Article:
Fleet News

Demand for used diesels remains buoyant

Row of parked cars

Diesel resale values are expected to remain stable during 2018, despite fears that consumers could be driven towards choosing petrol or electrified alternatives.

While diesel new car registrations fell by 17% in 2017, and were more than 20% lower year-on-year for the first two months of 2018, used diesel car sales have been more resilient, with no signs of falling demand for either Euro 6 or older Euro 5 models.

Diesel new car sales have been hurt by negative news stories around the Volkswagen diesel emissions scandal in 2015, and further reports of diesel cars producing higher than advertised NOx emissions in real-world driving.

London has introduced an additional charge for older diesel cars entering the congestion charging zone, and some local authorities have seen diesel as a target to increase revenue from parking charges based around the effect of emissions on local air quality.

Diesel company cars also face a higher tax burden from this month with the supplement over a petrol model with the same level of CO2 emissions increasing from three percentage points to four.

But market analysts have reported sharp contrast in the fortunes of diesel cars at auction compared with the new car market.

Derren Martin, head of current valuations at Cap HPI, told Fleet News: “Diesel cars seem to be performing in line with expectations, while petrol cars have been appreciating slightly, particularly small cars.

“For example, if someone had bought a used Škoda Citigo a year ago and driving 10,000 miles in it, it’s possible they could make money by selling it now. This isn’t what you would expect for something regarded as a depreciating asset.

“For now, it seems both petrol and diesel cars have stabilised in the used market and are performing in line with expectations. 

“For certain uses, such as high motorway mileage and people driving 15,000-20,000 miles a year, we think diesel still has a role, particularly in executive cars and upper-medium cars.”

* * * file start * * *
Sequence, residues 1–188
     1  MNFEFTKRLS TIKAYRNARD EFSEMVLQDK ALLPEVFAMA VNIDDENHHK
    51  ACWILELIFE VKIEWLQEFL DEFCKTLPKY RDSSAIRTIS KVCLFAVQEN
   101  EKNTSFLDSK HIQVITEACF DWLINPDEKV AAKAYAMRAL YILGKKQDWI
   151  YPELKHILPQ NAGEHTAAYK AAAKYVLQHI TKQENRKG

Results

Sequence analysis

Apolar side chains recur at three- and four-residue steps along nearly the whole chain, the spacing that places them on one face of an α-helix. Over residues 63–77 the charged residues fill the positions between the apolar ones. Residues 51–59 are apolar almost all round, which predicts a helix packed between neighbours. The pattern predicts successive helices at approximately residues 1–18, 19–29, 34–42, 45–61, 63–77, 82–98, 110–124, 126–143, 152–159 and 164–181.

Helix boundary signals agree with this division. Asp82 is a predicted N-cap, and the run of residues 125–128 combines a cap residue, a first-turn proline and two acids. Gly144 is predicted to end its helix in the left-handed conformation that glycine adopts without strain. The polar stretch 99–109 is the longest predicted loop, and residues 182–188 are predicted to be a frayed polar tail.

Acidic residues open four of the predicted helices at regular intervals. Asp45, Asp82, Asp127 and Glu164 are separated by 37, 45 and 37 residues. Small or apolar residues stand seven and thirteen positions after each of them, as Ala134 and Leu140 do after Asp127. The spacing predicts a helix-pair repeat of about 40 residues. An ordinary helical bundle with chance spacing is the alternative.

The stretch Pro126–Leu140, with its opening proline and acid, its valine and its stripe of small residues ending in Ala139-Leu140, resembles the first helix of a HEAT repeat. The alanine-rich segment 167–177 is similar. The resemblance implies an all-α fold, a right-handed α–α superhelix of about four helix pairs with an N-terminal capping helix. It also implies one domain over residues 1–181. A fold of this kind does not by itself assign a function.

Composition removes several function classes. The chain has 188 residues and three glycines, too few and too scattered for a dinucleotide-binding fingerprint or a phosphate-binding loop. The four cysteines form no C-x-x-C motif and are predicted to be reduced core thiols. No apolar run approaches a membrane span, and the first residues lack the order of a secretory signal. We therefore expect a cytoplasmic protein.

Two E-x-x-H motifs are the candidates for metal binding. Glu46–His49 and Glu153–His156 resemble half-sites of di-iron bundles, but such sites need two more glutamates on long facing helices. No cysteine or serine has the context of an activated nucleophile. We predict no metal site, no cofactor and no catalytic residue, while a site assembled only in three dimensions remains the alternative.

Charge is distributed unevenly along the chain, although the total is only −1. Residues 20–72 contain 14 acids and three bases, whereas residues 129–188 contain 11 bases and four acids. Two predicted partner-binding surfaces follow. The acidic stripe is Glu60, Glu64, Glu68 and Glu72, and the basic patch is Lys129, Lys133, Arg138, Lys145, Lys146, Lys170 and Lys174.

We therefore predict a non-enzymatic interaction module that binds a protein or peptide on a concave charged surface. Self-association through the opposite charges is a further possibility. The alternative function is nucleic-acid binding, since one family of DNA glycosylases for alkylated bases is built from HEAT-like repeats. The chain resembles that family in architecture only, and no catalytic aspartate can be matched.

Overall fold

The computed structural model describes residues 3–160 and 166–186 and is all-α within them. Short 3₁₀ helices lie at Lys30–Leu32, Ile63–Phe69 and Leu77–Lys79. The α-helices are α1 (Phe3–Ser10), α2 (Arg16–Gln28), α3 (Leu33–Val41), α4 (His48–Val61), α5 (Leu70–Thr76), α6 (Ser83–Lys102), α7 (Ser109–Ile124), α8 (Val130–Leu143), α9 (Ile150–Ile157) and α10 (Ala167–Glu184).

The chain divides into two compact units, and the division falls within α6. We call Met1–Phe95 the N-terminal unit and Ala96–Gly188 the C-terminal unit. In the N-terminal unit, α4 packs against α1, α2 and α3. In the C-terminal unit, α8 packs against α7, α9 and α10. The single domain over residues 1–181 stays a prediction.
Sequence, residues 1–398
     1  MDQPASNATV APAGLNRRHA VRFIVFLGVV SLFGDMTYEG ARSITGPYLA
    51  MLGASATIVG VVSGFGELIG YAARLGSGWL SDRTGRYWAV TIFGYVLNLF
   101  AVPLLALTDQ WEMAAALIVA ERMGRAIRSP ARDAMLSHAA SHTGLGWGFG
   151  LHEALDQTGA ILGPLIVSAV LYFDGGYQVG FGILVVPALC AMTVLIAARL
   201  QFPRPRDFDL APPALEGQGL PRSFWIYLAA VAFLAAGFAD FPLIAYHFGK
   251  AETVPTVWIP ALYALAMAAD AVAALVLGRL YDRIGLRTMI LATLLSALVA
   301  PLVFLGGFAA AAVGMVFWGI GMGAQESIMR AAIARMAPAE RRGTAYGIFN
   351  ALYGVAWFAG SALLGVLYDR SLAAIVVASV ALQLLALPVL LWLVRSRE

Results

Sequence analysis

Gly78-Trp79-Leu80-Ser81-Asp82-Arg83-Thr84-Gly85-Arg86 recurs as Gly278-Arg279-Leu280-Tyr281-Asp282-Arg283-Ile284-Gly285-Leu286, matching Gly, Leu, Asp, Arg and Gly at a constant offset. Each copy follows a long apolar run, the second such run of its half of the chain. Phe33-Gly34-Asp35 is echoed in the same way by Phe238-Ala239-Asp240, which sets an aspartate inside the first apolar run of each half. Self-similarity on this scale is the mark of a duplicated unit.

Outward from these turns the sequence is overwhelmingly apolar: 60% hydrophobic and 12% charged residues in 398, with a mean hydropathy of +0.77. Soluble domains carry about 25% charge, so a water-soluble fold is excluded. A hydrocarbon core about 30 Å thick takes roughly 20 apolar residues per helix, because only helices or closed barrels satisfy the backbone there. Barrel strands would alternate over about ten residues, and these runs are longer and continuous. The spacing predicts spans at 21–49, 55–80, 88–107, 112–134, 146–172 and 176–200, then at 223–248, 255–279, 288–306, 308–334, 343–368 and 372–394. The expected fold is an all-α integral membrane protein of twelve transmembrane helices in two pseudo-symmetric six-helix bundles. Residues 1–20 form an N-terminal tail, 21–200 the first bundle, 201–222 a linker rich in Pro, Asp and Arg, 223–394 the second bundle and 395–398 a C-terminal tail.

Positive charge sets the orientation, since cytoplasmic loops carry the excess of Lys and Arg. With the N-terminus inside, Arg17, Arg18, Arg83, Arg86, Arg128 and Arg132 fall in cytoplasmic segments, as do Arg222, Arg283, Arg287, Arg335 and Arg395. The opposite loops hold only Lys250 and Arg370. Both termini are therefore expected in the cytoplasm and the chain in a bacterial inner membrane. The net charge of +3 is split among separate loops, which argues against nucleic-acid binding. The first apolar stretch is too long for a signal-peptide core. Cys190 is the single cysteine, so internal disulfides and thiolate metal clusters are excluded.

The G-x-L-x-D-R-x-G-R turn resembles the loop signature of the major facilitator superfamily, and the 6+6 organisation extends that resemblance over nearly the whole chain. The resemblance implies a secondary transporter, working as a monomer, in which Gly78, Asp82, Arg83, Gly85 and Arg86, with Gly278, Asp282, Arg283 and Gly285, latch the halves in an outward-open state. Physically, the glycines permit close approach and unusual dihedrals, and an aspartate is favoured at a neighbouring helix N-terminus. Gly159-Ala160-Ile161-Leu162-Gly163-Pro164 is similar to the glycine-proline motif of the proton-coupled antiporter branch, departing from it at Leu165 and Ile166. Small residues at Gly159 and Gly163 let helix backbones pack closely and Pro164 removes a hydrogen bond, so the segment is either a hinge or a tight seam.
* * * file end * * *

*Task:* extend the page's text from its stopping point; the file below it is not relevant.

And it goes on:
His views were echoed by Jayson Whittington, chief editor for cars and leisure vehicles at Glass’s, who remarked that the current crop of diesel cars is cleaner than ever.

He said: “The new car market appears to be experiencing a shift away from diesel. Negative messages being conveyed by sections of the media, as well as a change in direction by the UK Government has had a big effect, and is driving people away from buying what are among the cleanest vehicles currently available.

“In the used market, too, there has been a change. Petrol models have increased in popularity, which has led to stronger demand from trade buyers in wholesale channels.

“As a result, auction hammer prices and conversion rates have strengthened. What is interesting, however, is that the price performance of diesel cars hasn’t been significantly impacted.”

He pointed to the fact that there is no tax penalty for choosing a used diesel car, and for those with CO2 emissions up to 100g/km and registered before April 2017, they are not liable for vehicle excise duty (VED).

“Add to that significantly better fuel economy and it is clear why diesel is still considered to be excellent value for money and continues to be a good used proposition for dealers, traders and consumers alike, which should protect against a crash in RVs,” said Whittington.

The decline in new diesel sales will also help to ensure residual values remain strong for some time to come as fewer ex-fleet models will be returning to the market in three years’ time. If demand remains strong, this supply shortage could strengthen used prices.

Martin agreed that diesel used car values should remain stable for the foreseeable future, noting that for forecasters, the current state of the market would have been impossible to predict three years ago – before the diesel emissions scandal broke.

He also pointed to changes in behaviour among car buyers and diesels that have shored up demand for used vehicles.

“As new car sales have declined,” said Martin, “and some of the current retail offers and deals don’t appear as attractive to consumers in the past, more dealers are taking an interest in used car sales, so this is why we have seen increased activity.”

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